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By Jo Carford, Jul 9 2017 04:47PM

I’ve seen many threads on social media recently where using food/toys when training dogs has been questioned.


My theory is…. You’ve asked your dog to do something for you, they’ve done the thing you’ve asked them to do, so you ‘pay’ them. Would you go to work for no money? If you went to work and you’d been promised payment but payment didn’t arrive, would you stop working? Probably!


When we work with our dogs, we’re entering in to a partnership, a contract and our dogs need to know that we’re going to pay out. Why break a contract with someone we love?


Of course, as we move on through training our dog we would switch from a continuous schedule of reinforcement to a variable


So….when should you use continuous?


It’s best to use a continuous schedule of reinforcement when teaching your dog something new. The reason for this is that it’s easier for them to make the connection between their behaviour and its consequence when they’re consistently rewarded for it. This only needs to happen initially, however. Once your dog is reliably performing the behaviour when they should, you can put it on an a variable schedule of reinforcement to maintain it.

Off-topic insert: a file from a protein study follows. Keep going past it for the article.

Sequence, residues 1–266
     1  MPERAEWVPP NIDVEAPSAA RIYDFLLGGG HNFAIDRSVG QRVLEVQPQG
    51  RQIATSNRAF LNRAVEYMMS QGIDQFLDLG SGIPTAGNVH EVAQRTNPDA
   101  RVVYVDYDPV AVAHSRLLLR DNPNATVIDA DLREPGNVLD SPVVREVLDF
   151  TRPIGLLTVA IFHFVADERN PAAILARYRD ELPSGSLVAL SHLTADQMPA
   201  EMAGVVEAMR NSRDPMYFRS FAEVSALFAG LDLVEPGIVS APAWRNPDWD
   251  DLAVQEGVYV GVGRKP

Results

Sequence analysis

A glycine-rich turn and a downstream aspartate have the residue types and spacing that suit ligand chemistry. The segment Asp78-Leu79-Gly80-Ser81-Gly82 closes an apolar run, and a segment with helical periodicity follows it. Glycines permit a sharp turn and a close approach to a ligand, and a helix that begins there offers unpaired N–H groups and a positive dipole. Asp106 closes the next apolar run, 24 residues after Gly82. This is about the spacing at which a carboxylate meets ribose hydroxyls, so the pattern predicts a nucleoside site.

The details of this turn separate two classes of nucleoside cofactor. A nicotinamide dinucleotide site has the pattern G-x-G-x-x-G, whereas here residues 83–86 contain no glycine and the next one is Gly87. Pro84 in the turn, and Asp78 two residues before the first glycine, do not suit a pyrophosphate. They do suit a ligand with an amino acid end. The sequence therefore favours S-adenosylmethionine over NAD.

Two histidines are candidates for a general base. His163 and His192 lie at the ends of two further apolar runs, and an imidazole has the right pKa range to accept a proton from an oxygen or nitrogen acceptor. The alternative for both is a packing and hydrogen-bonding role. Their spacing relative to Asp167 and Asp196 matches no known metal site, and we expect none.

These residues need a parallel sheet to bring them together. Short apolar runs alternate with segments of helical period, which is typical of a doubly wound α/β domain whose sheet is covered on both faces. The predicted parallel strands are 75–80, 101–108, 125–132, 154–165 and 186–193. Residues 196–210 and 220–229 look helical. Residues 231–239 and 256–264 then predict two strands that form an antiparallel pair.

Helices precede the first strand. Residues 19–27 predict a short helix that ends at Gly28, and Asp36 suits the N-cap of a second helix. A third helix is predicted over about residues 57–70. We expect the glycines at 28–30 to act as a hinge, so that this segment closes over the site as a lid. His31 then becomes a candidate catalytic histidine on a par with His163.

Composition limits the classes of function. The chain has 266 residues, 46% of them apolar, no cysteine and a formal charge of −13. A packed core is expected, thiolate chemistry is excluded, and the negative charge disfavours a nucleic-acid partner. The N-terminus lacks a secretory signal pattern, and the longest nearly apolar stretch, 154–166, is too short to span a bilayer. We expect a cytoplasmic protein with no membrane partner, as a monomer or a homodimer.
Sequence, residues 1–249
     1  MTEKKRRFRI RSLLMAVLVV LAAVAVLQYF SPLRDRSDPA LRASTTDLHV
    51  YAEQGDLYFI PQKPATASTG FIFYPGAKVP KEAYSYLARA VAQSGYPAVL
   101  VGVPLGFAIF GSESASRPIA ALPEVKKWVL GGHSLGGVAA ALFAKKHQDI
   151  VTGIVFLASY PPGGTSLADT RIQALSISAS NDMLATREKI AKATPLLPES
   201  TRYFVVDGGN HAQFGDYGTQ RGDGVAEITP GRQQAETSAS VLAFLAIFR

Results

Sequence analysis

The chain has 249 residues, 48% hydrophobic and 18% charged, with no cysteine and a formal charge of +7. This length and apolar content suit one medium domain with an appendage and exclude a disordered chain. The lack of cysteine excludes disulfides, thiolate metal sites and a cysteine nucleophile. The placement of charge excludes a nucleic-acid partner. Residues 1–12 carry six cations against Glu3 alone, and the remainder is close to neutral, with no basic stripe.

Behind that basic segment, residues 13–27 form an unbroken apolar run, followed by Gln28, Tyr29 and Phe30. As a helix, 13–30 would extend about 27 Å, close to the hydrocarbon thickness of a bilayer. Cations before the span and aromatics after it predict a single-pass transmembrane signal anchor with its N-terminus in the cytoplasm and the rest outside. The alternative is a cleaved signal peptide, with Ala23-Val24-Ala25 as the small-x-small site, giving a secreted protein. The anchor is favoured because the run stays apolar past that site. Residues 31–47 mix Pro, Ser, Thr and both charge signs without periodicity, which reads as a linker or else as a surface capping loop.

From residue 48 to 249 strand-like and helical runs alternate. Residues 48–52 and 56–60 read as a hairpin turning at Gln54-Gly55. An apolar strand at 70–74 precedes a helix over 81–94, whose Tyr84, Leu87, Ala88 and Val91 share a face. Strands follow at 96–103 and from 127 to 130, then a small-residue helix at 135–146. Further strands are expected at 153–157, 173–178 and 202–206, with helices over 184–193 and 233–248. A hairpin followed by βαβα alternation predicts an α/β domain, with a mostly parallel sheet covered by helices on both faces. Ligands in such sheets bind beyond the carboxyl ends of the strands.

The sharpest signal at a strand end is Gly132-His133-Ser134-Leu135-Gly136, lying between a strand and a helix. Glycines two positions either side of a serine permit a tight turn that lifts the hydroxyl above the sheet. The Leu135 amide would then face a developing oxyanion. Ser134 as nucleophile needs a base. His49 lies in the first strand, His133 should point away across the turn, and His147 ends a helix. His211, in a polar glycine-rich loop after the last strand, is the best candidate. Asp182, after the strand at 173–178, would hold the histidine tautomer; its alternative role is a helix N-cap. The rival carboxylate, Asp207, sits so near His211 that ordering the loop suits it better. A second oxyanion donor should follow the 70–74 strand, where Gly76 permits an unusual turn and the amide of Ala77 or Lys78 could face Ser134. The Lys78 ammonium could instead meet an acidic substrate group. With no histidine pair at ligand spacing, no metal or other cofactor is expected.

Of course, if your dog isn’t motivated by food, another motivator can be used. I have a Labrador who is more motivated by a tennis ball than food. I know you’re all laughing hard right now but it’s true, honest!


So, I’ve been working on impulse control with her. I want her to know what ‘stay’ means. I want her to know this mainly for safety when exiting the van. What I’ve been doing when training her is hiding her tennis ball on a walk and opening the crate door slowly, if tries to exit the van before I’ve given her the release command of ‘ok’ I simply close the door again and repeat until the door is fully open and Breeze is staying with no barrier in between her and the exciting outside world. Once I’ve released her with ‘ok’, then I ask her to find her ball – her search, the ball, running back to me, that’s all reinforcing for her so she just loves learning as a result.


At the moment, she gets to search for her ball every time she gets it right. As we move on through training and I’m getting better results (so not having to gently shut the door to stop her jumping out) then I will ask her to hop back in the van, repeat and she will get to search for her ball every so often.


Happy dog – happy me!

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